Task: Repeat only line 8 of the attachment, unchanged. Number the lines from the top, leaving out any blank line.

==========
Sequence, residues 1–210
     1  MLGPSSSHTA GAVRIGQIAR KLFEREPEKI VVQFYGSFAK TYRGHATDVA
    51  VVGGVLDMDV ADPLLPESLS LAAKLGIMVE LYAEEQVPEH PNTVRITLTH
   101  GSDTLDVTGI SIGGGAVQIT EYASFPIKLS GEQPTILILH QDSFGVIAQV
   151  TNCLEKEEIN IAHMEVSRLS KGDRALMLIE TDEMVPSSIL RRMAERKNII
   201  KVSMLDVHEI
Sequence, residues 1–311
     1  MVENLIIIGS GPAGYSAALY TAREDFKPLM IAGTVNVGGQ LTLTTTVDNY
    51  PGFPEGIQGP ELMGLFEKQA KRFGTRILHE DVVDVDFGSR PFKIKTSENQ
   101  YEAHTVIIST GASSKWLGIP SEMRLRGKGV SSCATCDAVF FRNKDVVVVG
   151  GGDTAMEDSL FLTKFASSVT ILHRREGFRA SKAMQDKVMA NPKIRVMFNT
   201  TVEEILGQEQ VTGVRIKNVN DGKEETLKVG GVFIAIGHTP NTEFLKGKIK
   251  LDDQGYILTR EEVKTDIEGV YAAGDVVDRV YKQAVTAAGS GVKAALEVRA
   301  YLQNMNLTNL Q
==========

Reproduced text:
     1  MVENLIIIGS GPAGYSAALY TAREDFKPLM IAGTVNVGGQ LTLTTTVDNY